DeprescribingFrom January 2018, A Feverish Frenzy!
Deprescribing medications is never more important than it is in the palliative context. Vanessa recommends using the 123 ABC (see written summary) approach to reviewing medications with patients, their families and team members.14min 48Vanessa Cardy, MD and Brandon Grove, MD
Paper Chase #1 | Biotin Supplements Screw up Lab Tests? What the…?From January 2018, A Feverish Frenzy!
This JAMA article discusses the clinically relevant effect of biotin supplementation on multiple standard laboratory tests. It serves as a reminder to ask our patients about their supplement use and it can impact their lab results.5min 35Andrew Buelt, DO and Joe Weatherly, DO
Case of the Month - Hidradenitis SuppurativaFrom January 2018, A Feverish Frenzy!
Andrew and Adrien review the pathophysiology, diagnosis and treatment of hidradenitis suppurativa. Treatments options are determined in part based on the Hurley staging system. Non-pharmacologic treatments include weight loss and wearing loose fitting clothes. Treatment options include topical and …19min 47Adrien Selim, MD and Andrew Buelt, DO
Paper Chase #3 | The COMPASS TrialFrom January 2018, A Feverish Frenzy!
Adding Rivaroxaban to aspirin therapy resulted in 1% fewer composite cardiovascular outcomes, but cause a 1% increase in bleeds. Andrew and Joe conclude that Rivaroxaban does not offer benefits above aspirin alone in the study population.5min 47Andrew Buelt, DO and Joe Weatherly, DO
Spinal StenosisFrom January 2018, A Feverish Frenzy!
In this review, Jordan discusses the pathogenesis and treatment of spinal stenosis. Depending on your patient’s age and your center’s practice pattern, either a CT or an MRI can be done to help confirm the clinical diagnosis. Conservative treatments include physical therapy and medications such as …13min 25Jordan Roberts, PA-C
Paper Chase #2 | Transdermal Estrogen Keeps the Sex Drive AliveFrom January 2018, A Feverish Frenzy!
The paper Taylor et al compared the effectiveness of oral vs transdermal estrogen in the management of decreased libido in post-menopausal women. Transdermal estrogen appears to be superior in the studied population.6min 58Andrew Buelt, DO and Joe Weatherly, DO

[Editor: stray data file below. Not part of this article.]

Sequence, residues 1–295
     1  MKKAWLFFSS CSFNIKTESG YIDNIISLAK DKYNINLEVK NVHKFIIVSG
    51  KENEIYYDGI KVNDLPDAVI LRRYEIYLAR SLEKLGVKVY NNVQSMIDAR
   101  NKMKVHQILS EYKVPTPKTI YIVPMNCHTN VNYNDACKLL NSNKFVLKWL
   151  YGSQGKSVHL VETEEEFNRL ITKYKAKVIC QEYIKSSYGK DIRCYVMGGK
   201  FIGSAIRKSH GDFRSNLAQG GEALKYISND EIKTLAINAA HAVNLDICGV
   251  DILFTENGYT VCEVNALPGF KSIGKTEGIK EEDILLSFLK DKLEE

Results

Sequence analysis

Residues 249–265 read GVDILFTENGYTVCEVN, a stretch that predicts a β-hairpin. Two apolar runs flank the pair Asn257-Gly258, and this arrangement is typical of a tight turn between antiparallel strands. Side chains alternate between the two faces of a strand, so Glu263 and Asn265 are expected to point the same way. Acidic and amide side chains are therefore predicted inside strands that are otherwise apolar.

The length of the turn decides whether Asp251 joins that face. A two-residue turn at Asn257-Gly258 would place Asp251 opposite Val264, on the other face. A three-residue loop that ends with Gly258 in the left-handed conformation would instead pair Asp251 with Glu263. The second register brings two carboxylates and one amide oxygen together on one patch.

Grave’s Disease - Part 2From January 2018, A Feverish Frenzy!
Treatment of Graves disease varies depending on patient characteristics and available options. Methimazole is generally preferred over prophylthiouracil (PTU) though PTU is the drug of choice in the first trimester of pregnancy. Radioiodine ablation may be considered in patients who fail or have …14min 51Tania Gallant, MD and Heidi James, MD
Paper Chase #5 | Concerning a Cholesterol Drug We’ve Never Heard Of: AnacetrapibFrom January 2018, A Feverish Frenzy!
Dollars to donuts, the CETP inhibitors like anacetrapib are not part of your primary care pharmacologic arsenal. And this study shows why they never will be.5min 8Andrew Buelt, DO and Joe Weatherly, DO
New Hypertension Guidelines: Friend, Foe, or Foolishness??From December 2017, New Hypertension Guidelines: Friend, Foe, or Foolishness??
Andrew and Heidi discuss the new AHA Hypertension guidelines that were released in November. Spoiler: even though they try really, really, REALLY hard to keep an open mind, our intrepid podcasters are not impressed. •9min 11Heidi James, MD and Andrew Buelt, DO
HIV Pre-Exposure ProphylaxisFrom December 2017, Jingle, Jingle
When taken daily, pre-exposure prophylaxis for HIV can prevent up to 99% of HIV infections in high risk individuals. Truvada, which consists of emtricitabine and tenofovir, is generally well tolerated, with rare incidence of GI side effects and renal impairment. Remember to screen for other STIs in …22min 10Amy Stulman, AGNP-BC, Jess Pinder, AGNP-BP, and Spencer Blackman, MD